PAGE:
STORY INLINE POST
Q: What have been the most important changes in the real estate sector this past year?
A: It has been a complicated year because most segments in the real estate market have been negatively impacted. Not a lot of subsectors within our business have survived 2020. On a positive note, the development and commercialization of warehouses and industrial parks avoided the effects of the economic crisis and the pandemic. This was due to the increase in e-commerce and because of companies like Amazon that make use of warehouse spaces and industrial parks. Other smaller segments of activity within our sector that have benefited from the events of this year include retail spaces used for telecommunications antennas and equipment and certain categories of communal residential real estate. Nevertheless, we are looking at an industry that has had many losers and not so many winners.
Q: How has the pandemic affected the industry?
A: Traffic in malls and other commercial retail spaces has decreased dramatically, due in part to the health safety protocols that have been enforced by the government and also because of the fear of contagion among the general public. Rental contracts have been temporarily renegotiated, including indefinite extensions. The negative outlook for commercial space development has also affected the development of office real estate, especially given the findings that indicate COVID-19 particles are airborne and can be transmitted through air conditioning systems. Arguably, that increases the potential and risk for contagion. Also, home office has had an impact on the private sector. Some employees, particularly those who live in small spaces with big families or young children, cannot wait to go back to the office. We hope situations like these put the industry on a trajectory of recovery sooner rather than later. Nevertheless, the clock is ticking and leasers are getting impatient and, in some cases, desperate. We could be looking at six or more additional months without any meaningful changes. Meanwhile, Mexico’s economic contraction continues and is poised to worsen, reducing investment in the real estate sector in general and office space development in particular.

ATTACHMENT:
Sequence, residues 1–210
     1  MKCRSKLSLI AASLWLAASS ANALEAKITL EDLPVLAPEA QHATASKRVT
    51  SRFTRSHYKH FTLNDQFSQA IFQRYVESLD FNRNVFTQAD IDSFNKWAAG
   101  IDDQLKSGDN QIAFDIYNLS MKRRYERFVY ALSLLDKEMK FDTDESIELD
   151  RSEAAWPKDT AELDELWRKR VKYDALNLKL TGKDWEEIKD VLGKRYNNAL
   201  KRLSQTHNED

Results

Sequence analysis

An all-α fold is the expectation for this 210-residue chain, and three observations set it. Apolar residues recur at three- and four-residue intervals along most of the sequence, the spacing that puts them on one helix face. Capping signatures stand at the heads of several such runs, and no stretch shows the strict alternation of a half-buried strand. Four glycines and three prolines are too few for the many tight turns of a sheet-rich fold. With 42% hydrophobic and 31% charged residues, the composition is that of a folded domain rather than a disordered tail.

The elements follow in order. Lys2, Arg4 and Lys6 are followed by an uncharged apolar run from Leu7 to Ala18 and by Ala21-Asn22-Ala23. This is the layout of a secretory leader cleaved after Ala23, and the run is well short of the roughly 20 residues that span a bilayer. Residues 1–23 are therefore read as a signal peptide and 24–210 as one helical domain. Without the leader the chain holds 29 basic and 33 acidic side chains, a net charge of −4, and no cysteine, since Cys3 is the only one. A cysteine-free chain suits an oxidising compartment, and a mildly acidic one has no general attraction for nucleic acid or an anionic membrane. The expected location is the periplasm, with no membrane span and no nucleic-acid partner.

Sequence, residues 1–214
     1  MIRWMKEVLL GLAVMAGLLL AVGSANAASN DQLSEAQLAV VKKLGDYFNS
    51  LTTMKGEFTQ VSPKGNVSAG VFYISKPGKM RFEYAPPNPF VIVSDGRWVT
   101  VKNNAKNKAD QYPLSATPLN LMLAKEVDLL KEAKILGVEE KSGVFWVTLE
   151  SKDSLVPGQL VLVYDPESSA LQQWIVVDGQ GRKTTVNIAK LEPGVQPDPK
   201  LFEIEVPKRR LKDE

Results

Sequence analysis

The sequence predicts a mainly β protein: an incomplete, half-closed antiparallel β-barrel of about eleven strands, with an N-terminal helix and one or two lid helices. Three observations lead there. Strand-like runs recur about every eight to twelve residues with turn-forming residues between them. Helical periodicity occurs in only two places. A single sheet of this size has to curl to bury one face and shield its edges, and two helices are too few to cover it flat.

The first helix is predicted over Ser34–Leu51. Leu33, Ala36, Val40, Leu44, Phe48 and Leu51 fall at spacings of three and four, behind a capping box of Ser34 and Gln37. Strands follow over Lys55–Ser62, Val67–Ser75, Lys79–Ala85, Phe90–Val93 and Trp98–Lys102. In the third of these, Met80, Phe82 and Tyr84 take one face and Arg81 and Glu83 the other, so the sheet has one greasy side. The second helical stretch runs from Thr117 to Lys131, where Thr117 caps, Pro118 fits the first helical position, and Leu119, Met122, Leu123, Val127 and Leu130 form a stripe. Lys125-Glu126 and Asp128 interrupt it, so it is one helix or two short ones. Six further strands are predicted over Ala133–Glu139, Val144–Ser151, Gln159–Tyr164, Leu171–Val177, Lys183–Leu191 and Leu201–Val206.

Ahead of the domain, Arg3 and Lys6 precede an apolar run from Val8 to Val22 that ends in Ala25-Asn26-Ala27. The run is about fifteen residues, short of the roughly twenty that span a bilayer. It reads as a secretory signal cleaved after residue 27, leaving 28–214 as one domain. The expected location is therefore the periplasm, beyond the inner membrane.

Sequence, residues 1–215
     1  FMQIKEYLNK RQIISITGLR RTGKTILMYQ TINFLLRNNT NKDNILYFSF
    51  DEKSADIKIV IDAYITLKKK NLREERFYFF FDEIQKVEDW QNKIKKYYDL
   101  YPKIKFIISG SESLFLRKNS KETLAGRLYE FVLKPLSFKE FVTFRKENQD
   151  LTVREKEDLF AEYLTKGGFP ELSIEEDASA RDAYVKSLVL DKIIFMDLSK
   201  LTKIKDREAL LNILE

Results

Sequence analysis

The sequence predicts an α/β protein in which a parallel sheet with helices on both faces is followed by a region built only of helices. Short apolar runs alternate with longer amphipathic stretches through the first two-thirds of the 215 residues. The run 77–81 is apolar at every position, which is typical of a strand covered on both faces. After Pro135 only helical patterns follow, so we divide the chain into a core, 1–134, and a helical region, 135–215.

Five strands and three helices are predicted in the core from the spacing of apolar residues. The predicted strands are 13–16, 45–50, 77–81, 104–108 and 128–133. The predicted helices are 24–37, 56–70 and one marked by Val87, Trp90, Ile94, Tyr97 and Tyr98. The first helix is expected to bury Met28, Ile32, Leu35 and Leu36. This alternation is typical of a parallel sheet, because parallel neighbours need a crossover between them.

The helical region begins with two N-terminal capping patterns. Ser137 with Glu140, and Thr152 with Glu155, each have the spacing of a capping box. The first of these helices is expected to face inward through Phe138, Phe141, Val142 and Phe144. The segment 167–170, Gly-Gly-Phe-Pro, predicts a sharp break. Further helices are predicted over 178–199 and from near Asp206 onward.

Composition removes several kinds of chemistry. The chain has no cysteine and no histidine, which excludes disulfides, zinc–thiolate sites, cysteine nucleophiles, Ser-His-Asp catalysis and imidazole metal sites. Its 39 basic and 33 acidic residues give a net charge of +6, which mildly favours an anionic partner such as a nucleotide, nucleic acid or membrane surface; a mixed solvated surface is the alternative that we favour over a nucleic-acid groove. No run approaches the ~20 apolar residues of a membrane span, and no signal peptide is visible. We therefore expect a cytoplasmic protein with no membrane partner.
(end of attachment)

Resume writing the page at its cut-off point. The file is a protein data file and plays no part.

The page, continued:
Renegotiations and cancellations of leasing contracts, however, represent a segment of activity in our industry that will probably remain quite robust throughout this period. The signing of new contracts, however, will remain low.
Finally, hotels might be the most affected segment in our sector, given the enormous number of cancellations of both events and business trips. Fortunately, banks have given owners and developers payment options. Still, it is expected that many hotels will go out of business in 2021.
Q: How has JLL’s global portfolio changed this year?
A: All companies like ours have been severely impacted. For example, our business depends on the office space segment, which has decreased by at least 50 percent. Some of our competitors have taken a tailspin into the red. Our numbers, however, remain positive, especially after our stock price increased by 20 percent minutes after Pfizer’s announcement of the success of its COVID-19 vaccine. We are proud to say we have not fired any of our employees nor have their salaries been reduced. We are nowhere near bankruptcy and we see a feasible path to recovery for the entire industry. In two years, we could see a return to pre-2020 numbers.
The larger generator of uncertainty and risk in Mexico, at least from my perspective, is no longer COVID-19. It is the complicated relationship between the government and the private sector. It worries me a lot, more than the virus itself, and the consequences could last a lot longer. Having said that, Mexico's political future is hard to predict. We still have a lot of work to do.
Jones Lang LaSalle Incorporated (JLL) is a financial and professional services company specializing in real estate. It offers integrated services on a local, regional and global basis to owner, occupier, investor and developer clients. It delivers various real estate services across three geographic business segments: the Americas, EMEA and Asia Pacific.